Was it something I said? Non-verbal cues in court

Courtroom reflected in pupil

In the world of litigation, words matter. Written submissions, statements, admissions , and contradictions all shine a light on the ultimate goal—getting to the truth. However, one important and rarely-emphasized area of focus in litigation is non-verbal communication. Whether we are talking about juries, lawyers, litigants or judges, one common factor at play is the human condition to subconsciously send and receive non-verbal messages.

Impressions and Non-Verbal Characteristics

During litigation, impressions are always being formed – whether or not words are spoken. Facial expressions, eye contact (or lack thereof), and physical gestures are just a few examples of non-verbal communication constantly being revealed and subconsciously evaluated.

Decoding this non-verbal leakage is a valuable skill for lawyers and litigants in order to gain better insight into assessing what the jury, judge, other litigants, and counsel may be feeling.

Studies have shown that a significant portion of communication is rooted in non-verbal characteristics – such as gestures, voice, and facial expressions. Although there are also many cultural differences that influence non-verbal communication, there are seven universally recognized expressions of emotion that have been identified across all cultures – anger, fear, sadness, disgust, enjoyment, surprise, contempt – following research by psychologist Dr. Paul Ekman.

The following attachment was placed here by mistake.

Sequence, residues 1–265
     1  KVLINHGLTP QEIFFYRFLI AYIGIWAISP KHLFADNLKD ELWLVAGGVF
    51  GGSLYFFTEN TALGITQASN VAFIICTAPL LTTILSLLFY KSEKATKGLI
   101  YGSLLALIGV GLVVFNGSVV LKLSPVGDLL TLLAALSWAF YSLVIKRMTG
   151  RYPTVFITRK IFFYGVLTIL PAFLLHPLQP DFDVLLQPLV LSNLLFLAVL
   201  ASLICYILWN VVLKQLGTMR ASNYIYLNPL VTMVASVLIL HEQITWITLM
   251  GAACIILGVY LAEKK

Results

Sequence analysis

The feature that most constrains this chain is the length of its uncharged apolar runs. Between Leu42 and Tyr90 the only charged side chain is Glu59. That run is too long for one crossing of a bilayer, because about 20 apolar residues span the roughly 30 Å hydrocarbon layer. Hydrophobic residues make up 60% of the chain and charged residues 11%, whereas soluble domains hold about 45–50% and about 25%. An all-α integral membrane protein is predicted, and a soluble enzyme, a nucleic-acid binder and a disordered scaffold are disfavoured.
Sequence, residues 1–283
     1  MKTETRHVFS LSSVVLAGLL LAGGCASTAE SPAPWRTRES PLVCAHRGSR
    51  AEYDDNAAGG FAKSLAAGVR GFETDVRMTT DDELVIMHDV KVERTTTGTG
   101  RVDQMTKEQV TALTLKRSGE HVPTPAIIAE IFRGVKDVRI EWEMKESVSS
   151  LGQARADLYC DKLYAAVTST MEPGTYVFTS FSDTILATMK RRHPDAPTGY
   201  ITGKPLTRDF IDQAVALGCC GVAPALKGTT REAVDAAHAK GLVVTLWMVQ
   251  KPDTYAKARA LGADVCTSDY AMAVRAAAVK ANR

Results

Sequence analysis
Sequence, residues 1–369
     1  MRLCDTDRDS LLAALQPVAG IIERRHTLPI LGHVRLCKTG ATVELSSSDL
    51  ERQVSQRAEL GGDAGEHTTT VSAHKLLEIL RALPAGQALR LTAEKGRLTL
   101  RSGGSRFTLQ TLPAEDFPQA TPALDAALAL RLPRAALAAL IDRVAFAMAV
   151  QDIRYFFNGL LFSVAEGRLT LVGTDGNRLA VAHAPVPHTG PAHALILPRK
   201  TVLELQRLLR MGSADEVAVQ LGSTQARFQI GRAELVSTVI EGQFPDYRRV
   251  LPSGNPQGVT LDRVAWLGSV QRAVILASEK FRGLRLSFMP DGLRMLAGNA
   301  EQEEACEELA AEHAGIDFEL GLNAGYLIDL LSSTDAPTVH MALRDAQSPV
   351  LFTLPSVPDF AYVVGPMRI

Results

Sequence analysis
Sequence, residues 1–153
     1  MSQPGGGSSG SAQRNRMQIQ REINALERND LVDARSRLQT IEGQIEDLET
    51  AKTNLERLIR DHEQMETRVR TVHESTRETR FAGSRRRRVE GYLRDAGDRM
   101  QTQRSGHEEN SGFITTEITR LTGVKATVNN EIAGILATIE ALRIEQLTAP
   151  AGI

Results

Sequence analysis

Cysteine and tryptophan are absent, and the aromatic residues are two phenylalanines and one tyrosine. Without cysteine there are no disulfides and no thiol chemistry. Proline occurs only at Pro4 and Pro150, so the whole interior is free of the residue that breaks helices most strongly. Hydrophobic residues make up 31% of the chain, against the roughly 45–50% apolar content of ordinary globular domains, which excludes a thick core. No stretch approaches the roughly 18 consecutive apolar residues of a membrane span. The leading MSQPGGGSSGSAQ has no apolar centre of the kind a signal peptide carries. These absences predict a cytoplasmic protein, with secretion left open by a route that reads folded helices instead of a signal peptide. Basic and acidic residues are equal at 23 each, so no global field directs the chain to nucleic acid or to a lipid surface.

Contradictory Cues

The complex interactions of the human facial muscles have been studied and every expression has been mapped. More than 3,000 facial expressions have been recognized, many of which tend to be involuntary.

Sometimes, facial expressions may be momentarily at odds with what a person is saying or what someone is gesturing, through very brief emotional reactions called micro expressions, which can last just a fraction of a second. As human beings, we innately trust the non-verbal message over the verbal message if they are in conflict.

Facial expressions may be unintentional or intentional but the context as a whole will be important to focus on.

For example, defiant words of anger without the matching facial expression can raise suspicions – a lack of authenticity contradicts the verbal message. Judges, litigants, or lawyers can use this to their advantage to pick up on credibility issues, which would not otherwise be obvious from a reading of a court transcript.

Deceptive Non-Verbal Cues

Experts have commented that when facial and body gestures are misaligned, this incongruence creates a disconnect.

Take Bill Clinton’s famous public denial about having sexual relations with Monica Lewinsky. In his denial, he points in one direction while his head and eyes are facing another direction, creating a clear misalignment. As he states, “I did not have sexual relations,” his head is mostly stationary. However, he clearly shakes his head “no” as he proclaims that he “never told anybody to lie not a single time never”. This subtle contrast is interesting. As he walks away from the podium, there is a clear micro expression of anger on his face with his lips pursed together seen at the 36-second mark.

Take Susan Smith’s public plea for the return of her missing children. She exhibits no facial expression consistent with sadness or anger. Her cry at 14 seconds is unpersuasive. By comparison, her husband standing beside her seems to exhibit more genuine expressions of emotion. Unsurprisingly, Susan Smith was subsequently convicted of drowning her children.